‘History’s Greatest Heists With Pierce Brosnan’ Episode 3: Recap: From Lloyd’s Bankrupt To Unsettled Royalty

The prodigy behind every big heist observes what most of us ignore. Pierce Brosnan is back with the third episode of “History’s Greatest Heists With Pierce Brosnan” to revisit an iconic robbery that shook up the British cops in 1971. In the previous episodes, you have already seen smooth theft with less spadework, but the Lloyds bank robbery was a mastermind plan, along with sweat and blood. This heist became a dirty political game that overlooked the real burglary; the show will discover the careful preparation, brave operation, and scandalous aftermath by a local knave named Anthony Gavin and his loyal team. Amazingly, Gavin, the Sherlock Holmes fan, got inspired by “The Red-Headed League” and implemented the same idea that became a headline for years.

Spoilers Ahead


Trek To The Tunnel

Lloyds Bank is one of the most well-known banks in London, situated at 185 Baker Street, where it holds most of the accounts of politicians and celebrities. The bank has almost thousands of safe deposit boxes, and the vault is placed in the basement of the classic architectural building. Unemployment, inflation, and bankruptcy were the major instances during the 1960s, particularly after World War II. But it was still unimaginable for burglars to attack Lloyds Bank due to the higher security. The 3-inch-thick walls and 2-inch-thick floors, along with a five-ton gate with security alarms, requires two keys to get inside the safe room. One of the reasons burglars do not attempt such a stunt in the most secured bank of England -as there will always be an intelligent but tough guy up for all challenges, and here it is, Anthony Gavin, a guy in his mid-forties with no such crime records, teams up people for the voyage. He was a disciplined man who is now up for the biggest hit that is going to make him rich overnight. But Gavin knew that he could not undertake this endeavor alone. Baker Street is the prime location for the majority of the Detective Sherlock tales, and Gavin took inspiration from the famous whodunit titled “The Red-Headed League.”

The ringleader planned to tunnel into the bank through the neighboring buildings. And for that, he needed skilled diggers and alarm technicians, and it had to be a gang that believed in teamwork. Mickey Gervaise joined the team as the “alarm man,” while Brain Reader was the engineer of the team. “Little Legs” is an efficient miner, and Bobby Wills was hired to check up on things, or the “lookout” guy, as you might say. But the most important part of this heist has to be mapping down the path and measurement of the tunnel, and for that Reginald, Tucker became the insider of the operation. Tucker was the closest person to Gavin, with no criminal background. Being a very smart guy, he opened an account at Lloyds Bank, registering with a false name. With that, he also got some privileges and won the trust of the members and managers, making his way directly to the safe deposit boxes. He kept track of each and every spot in the targeted room, which would make the digging quite easy. The tiles positioned beneath the locker were monitored sometimes with his umbrella, but most of the time, his wrist was enough to do that. Talking about the deposit boxes- gems, jewels, money, and diamonds were not the only riches; the bank was notable for securing many confidential documents of plutocrats as well.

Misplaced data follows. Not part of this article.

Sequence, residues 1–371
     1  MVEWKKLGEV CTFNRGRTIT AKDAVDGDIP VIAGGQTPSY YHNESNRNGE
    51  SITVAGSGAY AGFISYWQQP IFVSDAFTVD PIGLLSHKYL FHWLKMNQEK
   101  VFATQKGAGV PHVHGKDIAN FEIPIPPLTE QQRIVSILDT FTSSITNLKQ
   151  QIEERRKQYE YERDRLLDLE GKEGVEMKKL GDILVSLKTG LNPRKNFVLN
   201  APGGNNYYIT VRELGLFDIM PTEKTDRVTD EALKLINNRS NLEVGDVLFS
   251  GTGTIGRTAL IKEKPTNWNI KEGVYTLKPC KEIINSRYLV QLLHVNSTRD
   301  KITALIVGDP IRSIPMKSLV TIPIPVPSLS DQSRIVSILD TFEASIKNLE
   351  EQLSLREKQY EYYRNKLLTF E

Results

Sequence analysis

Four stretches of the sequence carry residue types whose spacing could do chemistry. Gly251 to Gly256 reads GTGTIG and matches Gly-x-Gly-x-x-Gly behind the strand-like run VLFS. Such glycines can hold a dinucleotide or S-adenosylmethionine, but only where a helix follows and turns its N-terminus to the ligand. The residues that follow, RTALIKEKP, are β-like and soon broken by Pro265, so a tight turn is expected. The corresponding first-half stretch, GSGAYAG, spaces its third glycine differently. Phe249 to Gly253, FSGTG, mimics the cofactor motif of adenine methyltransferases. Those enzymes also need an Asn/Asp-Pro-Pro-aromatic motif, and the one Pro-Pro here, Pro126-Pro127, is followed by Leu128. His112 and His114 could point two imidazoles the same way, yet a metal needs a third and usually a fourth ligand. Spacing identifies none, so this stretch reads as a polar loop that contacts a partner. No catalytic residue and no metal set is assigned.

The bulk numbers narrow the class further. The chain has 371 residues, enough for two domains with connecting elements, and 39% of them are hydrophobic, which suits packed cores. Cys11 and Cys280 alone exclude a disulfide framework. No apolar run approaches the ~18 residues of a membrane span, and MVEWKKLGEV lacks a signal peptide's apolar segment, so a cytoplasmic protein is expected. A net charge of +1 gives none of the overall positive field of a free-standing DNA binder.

Three months remain for the tantalizing cat-and-mouse chase, but all it needs is prior planning and perfect execution. Besides the bank, there was a restaurant named Chicken Inn, and next to that was an abandoned leather shop named Le Sac, which turned out to be the departure point of the team. Gavin took a lease on the leather shop under the name of Benjamin Wolfe and was a part of many Ponzi schemes and criminal activities. The team is ready with their arms and tools to bulldoze the tunnel straightway to the locker of Llyod bank. Every night, they used to break up the soil with perseverance and patience. The task was absolutely tough and dangerous—spending hours and hours inside a claustrophobic tunnel with very little oxygen could put them in danger at any time, and maybe it could have even collapsed. A lot of hammering and throbbing brought the Chicken Inn employee to their door, but luck finds its way to you when you are actually prepared to grab your goal, and Gavin’s team was as lucky as a leprechaun. After ceaseless efforts, they finally reached their destination, underneath the safe locker room, conquering all the hiccups. Gavin chose the weekend to commit the perfect crime, as the bank remained close from Friday to Sunday.